SUSAN TYLER HITCHOCK, author of the recently published Frankenstein: A Cultural History is a prolific non-fiction writer and editor. She has written professionally for more than 30 years, contributing to newspapers, magazines and essay anthologies as well as writing her own books, including Mad Mary Lamb: Lunacy and Murder in Literary London and Gather Ye Wild Things: A Forager’s Year.

From 2008 Festival ›
The Book of Medicines, by author Linda Hogan
Linda Hogan, author of The Book of Medicines

Linda Hogan

Linda Hogan’s The Book of Medicines, a work of poetry, “feels like a gift from the earth’s past to the present moment,” wrote Barbara Kingsolver, who described the Chicasaw poet’s first novel, Mean Spirit, a finalist for 1991 Pulitzer Prize, as “North American magic realism …a vast tragedy… carved to fit the human heart.” Guggenheim Fellow and recipient of a NEA grant, among numerous awards, Linda Hogan teaches at the University of Colorado.

Visit Linda Hogan’s website › From 1995 Festival ›
Rise of the Rocket Girls, by author Nathalia Holt
Nathalia Holt, author of Rise of the Rocket Girls

Nathalia Holt

Author Nathalia Holt’s recent book, Rise of the Rocket Girls: The Women Who Propelled Us, from Missiles to the Moon to Mars, relates the illuminating story of the young women who, with only pencil, paper, and mathematical prowess, transformed rocket design, and launched America into space. This work follows her previous book, Cured: The People Who Defeated HIV.

Both author and science journalist, her writing has appeared in the Los Angeles Times, The New York Times, The Atlantic, Slate, Time, and Popular Science. She is a former fellow at the Ragon Institute of Massachusetts General Hospital, MIT, and Harvard University. She lives with her husband and two daughters in Boston, MA.

Purchase from Creating Conversations › Visit Nathalia Holt’s website › From 2018 Festival ›
Loving Frank, by author Nancy Horan
Nancy Horan, author of Loving Frank

Nancy Horan

NANCY HORAN’s bestselling debut novel, Loving Frank, delves into the life of legendary architect Frank Lloyd Wright and his relationship with Mamah Borthwick Cheney during the years 1907 to 1914. The novel is based on seven years of meticulous research. Horan beautifully blends fact and fiction garnering widespread praise from critics and readers.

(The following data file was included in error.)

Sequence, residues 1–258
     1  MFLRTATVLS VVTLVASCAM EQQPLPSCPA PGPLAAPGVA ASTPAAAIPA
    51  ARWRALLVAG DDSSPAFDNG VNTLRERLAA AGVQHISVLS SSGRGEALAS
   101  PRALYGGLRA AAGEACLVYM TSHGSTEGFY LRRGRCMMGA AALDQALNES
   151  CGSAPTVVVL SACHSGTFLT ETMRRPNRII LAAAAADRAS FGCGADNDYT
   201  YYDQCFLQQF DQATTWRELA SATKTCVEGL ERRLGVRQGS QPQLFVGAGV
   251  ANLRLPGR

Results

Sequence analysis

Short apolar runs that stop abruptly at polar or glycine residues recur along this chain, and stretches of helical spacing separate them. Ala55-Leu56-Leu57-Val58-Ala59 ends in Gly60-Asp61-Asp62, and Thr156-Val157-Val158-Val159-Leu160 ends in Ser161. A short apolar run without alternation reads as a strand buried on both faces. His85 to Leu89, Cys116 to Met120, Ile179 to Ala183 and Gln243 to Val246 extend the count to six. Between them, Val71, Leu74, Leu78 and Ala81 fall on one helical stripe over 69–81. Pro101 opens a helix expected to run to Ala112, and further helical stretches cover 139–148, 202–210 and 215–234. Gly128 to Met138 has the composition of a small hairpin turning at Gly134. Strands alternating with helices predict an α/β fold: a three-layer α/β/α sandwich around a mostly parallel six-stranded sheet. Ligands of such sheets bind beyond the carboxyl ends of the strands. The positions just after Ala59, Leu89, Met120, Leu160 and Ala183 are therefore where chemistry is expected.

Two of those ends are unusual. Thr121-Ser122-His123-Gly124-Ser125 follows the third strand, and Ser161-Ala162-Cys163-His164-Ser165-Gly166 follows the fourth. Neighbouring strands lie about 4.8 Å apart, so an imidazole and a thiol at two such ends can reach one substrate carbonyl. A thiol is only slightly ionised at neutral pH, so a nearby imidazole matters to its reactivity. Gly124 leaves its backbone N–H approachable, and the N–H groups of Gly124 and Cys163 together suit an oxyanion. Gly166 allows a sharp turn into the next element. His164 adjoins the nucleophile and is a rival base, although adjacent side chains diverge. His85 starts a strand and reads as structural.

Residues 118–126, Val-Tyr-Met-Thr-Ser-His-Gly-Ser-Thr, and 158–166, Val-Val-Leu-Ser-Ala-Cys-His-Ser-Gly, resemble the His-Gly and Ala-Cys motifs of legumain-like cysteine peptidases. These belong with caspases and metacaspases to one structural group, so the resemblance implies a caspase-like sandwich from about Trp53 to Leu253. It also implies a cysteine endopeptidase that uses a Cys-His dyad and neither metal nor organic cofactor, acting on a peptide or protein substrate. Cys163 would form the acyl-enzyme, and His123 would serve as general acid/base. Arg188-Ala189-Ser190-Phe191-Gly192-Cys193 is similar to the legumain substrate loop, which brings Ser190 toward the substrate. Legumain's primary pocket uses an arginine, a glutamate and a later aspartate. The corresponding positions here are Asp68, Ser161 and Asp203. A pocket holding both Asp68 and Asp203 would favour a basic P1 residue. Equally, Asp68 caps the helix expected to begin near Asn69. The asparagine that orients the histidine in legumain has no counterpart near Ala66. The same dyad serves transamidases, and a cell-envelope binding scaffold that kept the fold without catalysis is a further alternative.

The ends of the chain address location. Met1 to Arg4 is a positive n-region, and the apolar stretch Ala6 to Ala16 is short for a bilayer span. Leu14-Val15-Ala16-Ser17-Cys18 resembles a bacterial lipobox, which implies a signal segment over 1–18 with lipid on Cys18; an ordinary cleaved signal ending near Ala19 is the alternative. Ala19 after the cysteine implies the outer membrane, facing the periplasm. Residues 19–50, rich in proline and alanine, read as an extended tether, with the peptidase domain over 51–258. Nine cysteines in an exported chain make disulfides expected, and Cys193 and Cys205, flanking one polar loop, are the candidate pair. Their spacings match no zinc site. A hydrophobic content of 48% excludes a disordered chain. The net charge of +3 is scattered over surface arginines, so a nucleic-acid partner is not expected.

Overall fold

Visit Nancy Horan’s website › From 2009 Festival ›
No Harm, by author Wendy Hornsby
Wendy Hornsby, author of No Harm

Wendy Hornsby

Wendy Hornsby’s novel, No Harm, just published by Dodd, Mead & Co., Inc., was called a “tightly controlled first mystery” in August by Publisher’s Weekly. It deals with the chicanery and death over a piece of California waterfront property. Publishing has brought confidence to this writer and she has a second mystery ready. She lives in Long Beach with her husband and children.

Visit Wendy Hornsby’s website › From 1988 Festival ›
Cowboys Are My Weakness, by author Pam Houston
Pam Houston, author of Cowboys Are My Weakness

Pam Houston

Pam Houston, in her newest book Waltzing the Cat, explores the life of Lucy, an award-winning landscape photographer. Author of the widely acclaimed short story collection, Cowboys Are My Weakness, Houston once again inspires and challenges her readers with an engaging, unconventional heroine, who takes physical and emotional risks.

Visit Pam Houston’s website › From 1999 Festival ›
The Rib King, by author Ladee Hubbard
Ladee Hubbard, author of The Rib King

Ladee Hubbard

In Ladee Hubbard’s imaginative and engrossing second novel, The Rib King, the reader is dropped into the circa 1914 daily whirl of Black servants in a fading, but well-to-do household. The escapades of these hardworking, innovative people create a suspenseful page turner as a network of interests compete to take advantage of them. This illuminating examination of a troubled period sheds light on those who thrive despite prevalent racism.

Visit Ladee Hubbard’s website › From 2022 Festival ›
A Country Year, by author Susan Hubbel
Susan Hubbel, author of A Country Year

Susan Hubbel

Susan Hubbel’s A Country Year reflects her discoveries on a peninsula between the Ozark Mountains. Before becoming a commercial beekeeper, Hubbel managed a bookstore and was a librarian. A burgeoning cult has developed around her book, only published in 1986.

Visit Susan Hubbel’s website › From 1987 Festival ›
Dreams of Sleep, by author Josephine Humphreys
Josephine Humphreys, author of Dreams of Sleep

Josephine Humphreys

Josephine Humphreys lives in Charleston, South Carolina. Her lyrical and introspective novel Dreams of Sleep has received PEN’s 1985 Ernest Hemingway prize for a first novel.